B.A., Economics, UC Merced (’10)
I grew up in San Jose, California. My parents were refugees from the Vietnam War who arrived in the U.S. in the mid-’80s. They worked in the fast food industry during the day and went to vocational school at night. We spoke Vietnamese at home so I learned English in school. I fought through early childhood poverty and other adversity to become the first in my family to graduate from college. Today I work as the director of Asian and Pacific Islander Affairs in the Washington, D.C., Mayor’s Office.
What motivated me to go to college
I always assumed I would go to college because that was the path that my parents put me on since I first went to school. Once I got there, it was one of the best decisions of my life. I was able to make lifelong relationships and experience things that I would have missed out on if I did not attend UC Merced.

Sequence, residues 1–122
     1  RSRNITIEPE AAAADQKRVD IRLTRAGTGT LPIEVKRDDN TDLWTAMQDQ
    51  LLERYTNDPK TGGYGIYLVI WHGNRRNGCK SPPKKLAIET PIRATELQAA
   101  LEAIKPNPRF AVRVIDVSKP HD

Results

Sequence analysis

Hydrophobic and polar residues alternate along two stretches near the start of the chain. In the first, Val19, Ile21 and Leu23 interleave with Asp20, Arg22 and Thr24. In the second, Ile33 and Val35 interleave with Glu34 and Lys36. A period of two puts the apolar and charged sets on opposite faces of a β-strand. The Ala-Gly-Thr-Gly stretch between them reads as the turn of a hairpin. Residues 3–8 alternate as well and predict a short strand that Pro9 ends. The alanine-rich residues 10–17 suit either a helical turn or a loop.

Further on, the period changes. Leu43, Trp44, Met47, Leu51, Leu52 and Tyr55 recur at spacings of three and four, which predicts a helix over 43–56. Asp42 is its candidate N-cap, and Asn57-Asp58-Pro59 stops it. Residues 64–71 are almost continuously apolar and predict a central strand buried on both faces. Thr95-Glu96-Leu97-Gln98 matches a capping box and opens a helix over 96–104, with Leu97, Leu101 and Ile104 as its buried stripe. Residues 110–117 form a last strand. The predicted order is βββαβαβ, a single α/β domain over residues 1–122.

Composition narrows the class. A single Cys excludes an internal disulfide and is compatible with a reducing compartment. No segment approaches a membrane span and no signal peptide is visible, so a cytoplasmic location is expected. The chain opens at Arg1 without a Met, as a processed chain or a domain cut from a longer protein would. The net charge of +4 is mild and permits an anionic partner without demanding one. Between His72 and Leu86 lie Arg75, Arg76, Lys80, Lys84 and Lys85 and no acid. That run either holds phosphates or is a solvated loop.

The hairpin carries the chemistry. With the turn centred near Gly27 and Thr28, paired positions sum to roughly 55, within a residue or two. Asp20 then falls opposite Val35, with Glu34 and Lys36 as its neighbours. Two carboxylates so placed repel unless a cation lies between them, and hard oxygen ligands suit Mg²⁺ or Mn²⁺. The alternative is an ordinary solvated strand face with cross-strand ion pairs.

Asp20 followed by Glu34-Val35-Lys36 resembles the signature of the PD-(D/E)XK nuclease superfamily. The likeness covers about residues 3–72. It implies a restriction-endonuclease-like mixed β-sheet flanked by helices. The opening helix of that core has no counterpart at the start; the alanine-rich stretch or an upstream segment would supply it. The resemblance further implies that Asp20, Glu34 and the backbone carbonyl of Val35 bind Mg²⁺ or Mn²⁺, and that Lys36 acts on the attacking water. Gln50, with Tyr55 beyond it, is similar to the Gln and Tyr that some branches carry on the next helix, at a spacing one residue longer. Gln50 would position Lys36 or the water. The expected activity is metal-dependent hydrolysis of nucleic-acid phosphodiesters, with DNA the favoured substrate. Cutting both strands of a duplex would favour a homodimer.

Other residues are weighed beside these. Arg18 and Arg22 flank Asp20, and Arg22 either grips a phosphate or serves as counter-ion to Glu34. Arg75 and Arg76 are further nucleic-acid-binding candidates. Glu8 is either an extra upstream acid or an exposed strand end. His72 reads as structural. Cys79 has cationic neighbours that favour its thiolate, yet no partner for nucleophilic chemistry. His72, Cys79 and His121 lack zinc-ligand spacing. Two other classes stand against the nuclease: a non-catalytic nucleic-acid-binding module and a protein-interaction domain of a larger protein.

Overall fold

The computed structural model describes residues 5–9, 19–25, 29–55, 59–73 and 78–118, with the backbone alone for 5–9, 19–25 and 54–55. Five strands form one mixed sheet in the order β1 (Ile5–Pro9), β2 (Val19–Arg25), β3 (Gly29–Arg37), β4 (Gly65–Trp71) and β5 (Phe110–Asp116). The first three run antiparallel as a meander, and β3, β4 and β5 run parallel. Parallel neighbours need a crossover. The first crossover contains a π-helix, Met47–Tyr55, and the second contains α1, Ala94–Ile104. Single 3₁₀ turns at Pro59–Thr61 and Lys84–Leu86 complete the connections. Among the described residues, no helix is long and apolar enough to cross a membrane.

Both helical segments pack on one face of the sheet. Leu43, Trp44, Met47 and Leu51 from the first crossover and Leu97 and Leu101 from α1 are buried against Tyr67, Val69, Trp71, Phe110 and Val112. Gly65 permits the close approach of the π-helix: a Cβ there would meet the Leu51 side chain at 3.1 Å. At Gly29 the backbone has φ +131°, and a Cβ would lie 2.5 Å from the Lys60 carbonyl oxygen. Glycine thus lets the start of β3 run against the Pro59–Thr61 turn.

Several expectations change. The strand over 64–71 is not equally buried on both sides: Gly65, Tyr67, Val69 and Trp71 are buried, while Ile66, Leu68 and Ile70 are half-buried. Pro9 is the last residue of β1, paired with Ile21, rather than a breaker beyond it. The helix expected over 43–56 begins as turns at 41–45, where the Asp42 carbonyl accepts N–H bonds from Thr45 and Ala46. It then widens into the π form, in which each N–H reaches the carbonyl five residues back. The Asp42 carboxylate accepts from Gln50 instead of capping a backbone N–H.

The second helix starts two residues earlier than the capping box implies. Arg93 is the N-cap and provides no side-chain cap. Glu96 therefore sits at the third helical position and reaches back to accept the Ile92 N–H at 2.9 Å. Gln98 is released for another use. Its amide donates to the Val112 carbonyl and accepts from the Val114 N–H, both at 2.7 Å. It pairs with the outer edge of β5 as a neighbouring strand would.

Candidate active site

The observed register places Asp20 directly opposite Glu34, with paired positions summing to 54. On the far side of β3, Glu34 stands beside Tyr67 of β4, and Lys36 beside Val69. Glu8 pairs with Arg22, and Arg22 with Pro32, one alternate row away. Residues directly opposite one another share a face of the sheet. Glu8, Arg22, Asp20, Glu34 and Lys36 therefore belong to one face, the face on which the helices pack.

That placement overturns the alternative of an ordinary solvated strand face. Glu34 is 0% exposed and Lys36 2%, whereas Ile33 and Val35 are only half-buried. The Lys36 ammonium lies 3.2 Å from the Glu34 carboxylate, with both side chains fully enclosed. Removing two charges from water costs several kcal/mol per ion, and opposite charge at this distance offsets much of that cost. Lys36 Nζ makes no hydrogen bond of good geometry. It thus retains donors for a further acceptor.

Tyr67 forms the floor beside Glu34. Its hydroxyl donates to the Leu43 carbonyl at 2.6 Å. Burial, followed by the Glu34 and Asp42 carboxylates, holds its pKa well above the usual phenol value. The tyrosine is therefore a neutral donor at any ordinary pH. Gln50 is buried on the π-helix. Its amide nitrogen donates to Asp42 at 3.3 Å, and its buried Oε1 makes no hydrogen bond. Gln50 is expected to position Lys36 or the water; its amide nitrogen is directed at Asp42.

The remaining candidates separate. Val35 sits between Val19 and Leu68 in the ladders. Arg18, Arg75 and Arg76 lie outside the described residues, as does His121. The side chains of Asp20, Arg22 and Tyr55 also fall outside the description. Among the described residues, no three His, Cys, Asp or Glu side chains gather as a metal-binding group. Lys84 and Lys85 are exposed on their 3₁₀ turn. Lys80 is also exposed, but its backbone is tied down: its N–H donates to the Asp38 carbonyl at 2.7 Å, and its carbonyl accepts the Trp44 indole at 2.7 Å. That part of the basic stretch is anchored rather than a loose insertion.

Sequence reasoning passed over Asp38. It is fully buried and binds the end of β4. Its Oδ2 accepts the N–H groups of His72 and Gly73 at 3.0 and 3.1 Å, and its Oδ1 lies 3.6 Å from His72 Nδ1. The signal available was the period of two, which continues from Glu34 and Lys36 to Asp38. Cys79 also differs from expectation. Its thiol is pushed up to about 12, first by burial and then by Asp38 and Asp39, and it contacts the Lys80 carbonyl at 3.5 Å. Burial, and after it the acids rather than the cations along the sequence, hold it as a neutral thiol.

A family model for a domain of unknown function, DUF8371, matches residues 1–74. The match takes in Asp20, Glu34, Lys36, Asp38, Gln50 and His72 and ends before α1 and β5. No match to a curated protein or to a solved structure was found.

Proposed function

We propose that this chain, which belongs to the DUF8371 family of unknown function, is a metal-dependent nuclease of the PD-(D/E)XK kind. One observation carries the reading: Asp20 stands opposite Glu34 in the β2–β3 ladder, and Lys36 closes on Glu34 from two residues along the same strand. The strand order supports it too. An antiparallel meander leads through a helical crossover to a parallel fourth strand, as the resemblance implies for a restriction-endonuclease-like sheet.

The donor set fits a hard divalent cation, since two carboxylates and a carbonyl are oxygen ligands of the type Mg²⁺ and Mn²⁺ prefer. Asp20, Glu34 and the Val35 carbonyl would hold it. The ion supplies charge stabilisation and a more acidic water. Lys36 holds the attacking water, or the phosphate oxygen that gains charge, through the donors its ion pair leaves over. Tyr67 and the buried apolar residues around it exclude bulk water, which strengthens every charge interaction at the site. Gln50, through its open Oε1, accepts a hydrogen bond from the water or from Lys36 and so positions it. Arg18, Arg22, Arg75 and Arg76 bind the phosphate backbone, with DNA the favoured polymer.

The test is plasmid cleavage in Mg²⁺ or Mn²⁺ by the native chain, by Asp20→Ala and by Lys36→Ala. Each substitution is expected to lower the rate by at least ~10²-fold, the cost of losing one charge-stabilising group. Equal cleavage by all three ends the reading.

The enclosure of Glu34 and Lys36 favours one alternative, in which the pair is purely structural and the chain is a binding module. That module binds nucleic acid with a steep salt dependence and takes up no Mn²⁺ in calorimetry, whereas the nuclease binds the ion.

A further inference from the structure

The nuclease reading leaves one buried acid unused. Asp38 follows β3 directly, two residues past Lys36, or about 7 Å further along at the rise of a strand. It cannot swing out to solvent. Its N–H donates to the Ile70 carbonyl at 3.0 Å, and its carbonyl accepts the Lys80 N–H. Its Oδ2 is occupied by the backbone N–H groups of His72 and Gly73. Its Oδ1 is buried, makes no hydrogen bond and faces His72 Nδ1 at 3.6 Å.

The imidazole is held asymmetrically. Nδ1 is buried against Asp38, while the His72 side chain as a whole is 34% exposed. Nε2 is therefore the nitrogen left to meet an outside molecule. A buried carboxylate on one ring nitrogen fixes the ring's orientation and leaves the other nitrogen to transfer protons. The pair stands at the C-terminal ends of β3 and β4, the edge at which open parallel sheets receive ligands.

What I would tell my freshman self
Find a mentor, go to office hours, establish relationships with faculty. Get out of your comfort zone and do something that sets you apart.
How my background helped me
Growing up, the model minority mentality probably put me at a disadvantage. It was assumed that I would do better academically simply because I was Asian. This could not be further from the truth. I struggled academically and was on the verge of being kicked out of college. I found a mentor — Dr. Neumann, my undergraduate economics professor — and it was a turning point in my life. It took courage to seek out help and not be independent like what Asian culture has taught me.
The best thing about my college experience
Asking for help and being part of a community really changed my perspective. As someone who was on the verge of dropping out I needed help and people to advocate on my behalf. It worked!